Elizabeth (Bessie) Watson

Scotland's youngest Suffragette.

Elizabeth (Bessie) Watson was born in the Vennel area of Edinburgh in July 1900, the daughter of Agnes Newton and Horatio Watson. Bessie was encouraged to take up piping at the age of 7 or 8 as her parents hoped it would strengthen her lungs against tuberculosis after her aunt Margaret died of the disease. Her first set of pipes was a half-sized set made by Robertson the pipe maker.

Elizabeth (Bessie) Watson
Elizabeth (Bessie) Watson

After seeing an advert for a pageant of historical Scottish women, Bessie and her mother joined the Women's Social and Political Union (WSPU) and Bessie, at the age of 9, was asked to march and play the pipes in the pageant. The procession, which celebrated ‘What women have done and can and will do' took place in Edinburgh on 9 October 1909 and marched down Princes Street before gathering for a rally led by Emmeline Pankhurst at Waverley Market. Several weeks later when Christabel Pankhurst came to Edinburgh to attend a meeting in the King's Theatre, she presented Bessie with a brooch depicting Boudica in her chariot. In 1979 Bessie gave this brooch to Margaret Thatcher, the first woman to be elected as Prime Minister of the UK.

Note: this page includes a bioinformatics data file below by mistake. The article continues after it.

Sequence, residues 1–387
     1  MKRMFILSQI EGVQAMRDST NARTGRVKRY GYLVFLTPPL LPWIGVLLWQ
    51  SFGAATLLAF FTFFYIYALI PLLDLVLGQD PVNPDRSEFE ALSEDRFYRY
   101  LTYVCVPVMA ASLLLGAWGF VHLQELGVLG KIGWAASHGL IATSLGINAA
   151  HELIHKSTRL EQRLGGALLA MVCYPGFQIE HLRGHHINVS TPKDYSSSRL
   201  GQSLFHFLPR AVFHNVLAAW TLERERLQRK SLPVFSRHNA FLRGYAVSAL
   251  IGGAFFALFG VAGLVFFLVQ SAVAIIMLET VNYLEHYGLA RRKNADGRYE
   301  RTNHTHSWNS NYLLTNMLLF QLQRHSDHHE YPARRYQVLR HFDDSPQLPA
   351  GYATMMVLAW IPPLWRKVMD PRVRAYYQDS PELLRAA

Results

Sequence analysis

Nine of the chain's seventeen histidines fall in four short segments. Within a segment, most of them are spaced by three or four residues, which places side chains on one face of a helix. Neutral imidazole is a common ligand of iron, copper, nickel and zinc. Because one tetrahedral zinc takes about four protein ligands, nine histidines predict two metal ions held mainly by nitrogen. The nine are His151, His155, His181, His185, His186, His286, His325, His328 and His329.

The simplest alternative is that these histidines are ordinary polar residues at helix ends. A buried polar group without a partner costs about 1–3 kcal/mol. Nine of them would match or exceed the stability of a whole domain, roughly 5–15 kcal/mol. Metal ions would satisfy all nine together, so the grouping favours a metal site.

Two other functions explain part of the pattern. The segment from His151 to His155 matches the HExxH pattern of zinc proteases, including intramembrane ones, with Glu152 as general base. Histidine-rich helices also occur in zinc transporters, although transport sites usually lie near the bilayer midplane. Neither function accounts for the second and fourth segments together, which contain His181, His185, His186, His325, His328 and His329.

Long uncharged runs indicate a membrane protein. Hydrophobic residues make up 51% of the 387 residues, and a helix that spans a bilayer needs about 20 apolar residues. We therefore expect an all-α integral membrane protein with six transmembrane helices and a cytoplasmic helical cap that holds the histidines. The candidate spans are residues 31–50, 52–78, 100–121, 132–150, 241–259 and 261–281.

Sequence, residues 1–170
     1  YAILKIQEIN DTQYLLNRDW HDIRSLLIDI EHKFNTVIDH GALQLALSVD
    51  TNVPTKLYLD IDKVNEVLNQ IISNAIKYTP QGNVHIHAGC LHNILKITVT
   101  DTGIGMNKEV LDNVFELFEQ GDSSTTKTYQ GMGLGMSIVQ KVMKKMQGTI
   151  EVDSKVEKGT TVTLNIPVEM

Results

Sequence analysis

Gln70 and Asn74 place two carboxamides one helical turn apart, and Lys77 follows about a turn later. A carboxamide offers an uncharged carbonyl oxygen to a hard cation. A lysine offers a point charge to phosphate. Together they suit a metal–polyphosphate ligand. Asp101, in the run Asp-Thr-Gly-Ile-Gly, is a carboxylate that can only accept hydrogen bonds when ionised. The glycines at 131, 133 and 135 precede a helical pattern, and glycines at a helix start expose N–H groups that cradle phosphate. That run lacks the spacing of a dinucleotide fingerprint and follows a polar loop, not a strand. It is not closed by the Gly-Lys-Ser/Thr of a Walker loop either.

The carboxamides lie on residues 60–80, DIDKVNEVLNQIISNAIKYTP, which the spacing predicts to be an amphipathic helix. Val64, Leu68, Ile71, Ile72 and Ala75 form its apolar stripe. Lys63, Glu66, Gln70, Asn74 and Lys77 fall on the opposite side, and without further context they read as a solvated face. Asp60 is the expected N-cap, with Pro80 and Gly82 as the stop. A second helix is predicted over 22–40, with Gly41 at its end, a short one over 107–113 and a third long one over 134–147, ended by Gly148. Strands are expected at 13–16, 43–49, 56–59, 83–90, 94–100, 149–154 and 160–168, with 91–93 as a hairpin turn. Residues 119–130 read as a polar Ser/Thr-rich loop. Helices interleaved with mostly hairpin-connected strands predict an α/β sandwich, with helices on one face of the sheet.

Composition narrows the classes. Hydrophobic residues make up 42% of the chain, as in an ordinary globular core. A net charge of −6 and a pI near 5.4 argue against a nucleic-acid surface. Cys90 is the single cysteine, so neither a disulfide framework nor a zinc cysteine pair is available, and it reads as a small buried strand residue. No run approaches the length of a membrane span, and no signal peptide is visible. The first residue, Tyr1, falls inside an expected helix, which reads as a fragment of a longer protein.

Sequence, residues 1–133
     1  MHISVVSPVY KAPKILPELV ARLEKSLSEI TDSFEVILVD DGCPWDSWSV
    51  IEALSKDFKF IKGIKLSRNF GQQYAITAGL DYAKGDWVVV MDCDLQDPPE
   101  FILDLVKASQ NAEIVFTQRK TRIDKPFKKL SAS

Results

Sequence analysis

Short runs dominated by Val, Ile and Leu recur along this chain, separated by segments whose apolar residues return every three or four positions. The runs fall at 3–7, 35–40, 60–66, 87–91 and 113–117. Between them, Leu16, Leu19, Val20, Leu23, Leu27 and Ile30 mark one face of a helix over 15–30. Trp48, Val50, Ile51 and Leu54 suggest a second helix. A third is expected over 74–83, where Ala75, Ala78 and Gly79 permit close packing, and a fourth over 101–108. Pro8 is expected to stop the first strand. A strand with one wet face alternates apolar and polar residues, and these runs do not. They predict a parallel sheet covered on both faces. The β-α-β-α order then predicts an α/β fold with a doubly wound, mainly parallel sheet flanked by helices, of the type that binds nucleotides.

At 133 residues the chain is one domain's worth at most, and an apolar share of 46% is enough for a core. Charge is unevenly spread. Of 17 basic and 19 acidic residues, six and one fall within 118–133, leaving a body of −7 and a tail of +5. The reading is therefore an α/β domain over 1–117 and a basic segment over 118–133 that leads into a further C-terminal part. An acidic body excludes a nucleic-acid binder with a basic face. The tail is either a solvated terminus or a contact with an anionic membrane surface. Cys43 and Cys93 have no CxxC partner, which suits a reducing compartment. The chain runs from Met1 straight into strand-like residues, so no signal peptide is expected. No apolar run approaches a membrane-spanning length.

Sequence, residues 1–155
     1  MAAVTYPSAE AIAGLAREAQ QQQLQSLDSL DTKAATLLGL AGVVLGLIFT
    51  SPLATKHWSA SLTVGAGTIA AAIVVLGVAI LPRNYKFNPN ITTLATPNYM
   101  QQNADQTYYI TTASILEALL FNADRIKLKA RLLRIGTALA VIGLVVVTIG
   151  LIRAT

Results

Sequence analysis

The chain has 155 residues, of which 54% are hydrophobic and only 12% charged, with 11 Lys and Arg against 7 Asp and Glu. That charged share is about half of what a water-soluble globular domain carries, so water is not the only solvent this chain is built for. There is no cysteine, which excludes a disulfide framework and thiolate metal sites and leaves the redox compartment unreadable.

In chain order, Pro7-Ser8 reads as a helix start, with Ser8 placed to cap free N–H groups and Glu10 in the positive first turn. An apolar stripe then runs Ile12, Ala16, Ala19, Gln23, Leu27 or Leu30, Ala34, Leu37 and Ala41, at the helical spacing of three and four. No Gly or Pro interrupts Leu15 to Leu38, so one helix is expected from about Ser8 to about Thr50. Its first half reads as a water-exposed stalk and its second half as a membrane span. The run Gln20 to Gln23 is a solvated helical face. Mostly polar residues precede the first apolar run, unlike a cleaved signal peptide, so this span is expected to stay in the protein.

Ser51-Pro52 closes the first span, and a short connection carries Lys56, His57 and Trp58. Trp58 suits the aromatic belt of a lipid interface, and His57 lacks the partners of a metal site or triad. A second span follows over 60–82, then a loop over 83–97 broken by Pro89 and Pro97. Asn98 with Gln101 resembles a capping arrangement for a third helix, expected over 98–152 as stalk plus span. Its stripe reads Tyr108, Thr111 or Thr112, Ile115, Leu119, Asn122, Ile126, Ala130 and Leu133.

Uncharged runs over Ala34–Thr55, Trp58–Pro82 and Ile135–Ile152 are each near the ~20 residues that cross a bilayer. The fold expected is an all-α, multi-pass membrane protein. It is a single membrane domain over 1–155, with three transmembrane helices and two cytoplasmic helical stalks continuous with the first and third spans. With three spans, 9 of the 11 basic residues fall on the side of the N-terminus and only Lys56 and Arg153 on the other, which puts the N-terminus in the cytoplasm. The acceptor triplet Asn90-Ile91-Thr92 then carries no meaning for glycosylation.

Bessie continued to be actively involved in the Suffragette movement and wore hair ribbons in the colours of the Suffragette campaign to school. Bessie played the pipes on the platform of Waverley Station as trains departed taking convicted women's rights campaigners to Holloway Prison, and piped outside Calton Jail to encourage the Suffragettes imprisoned there.

Bessie then studied French at the University of Edinburgh and went on to teach violin and modern languages in schools across the city.

Bessie died in Edinburgh in 1992, two weeks before her 92nd birthday.


Related Links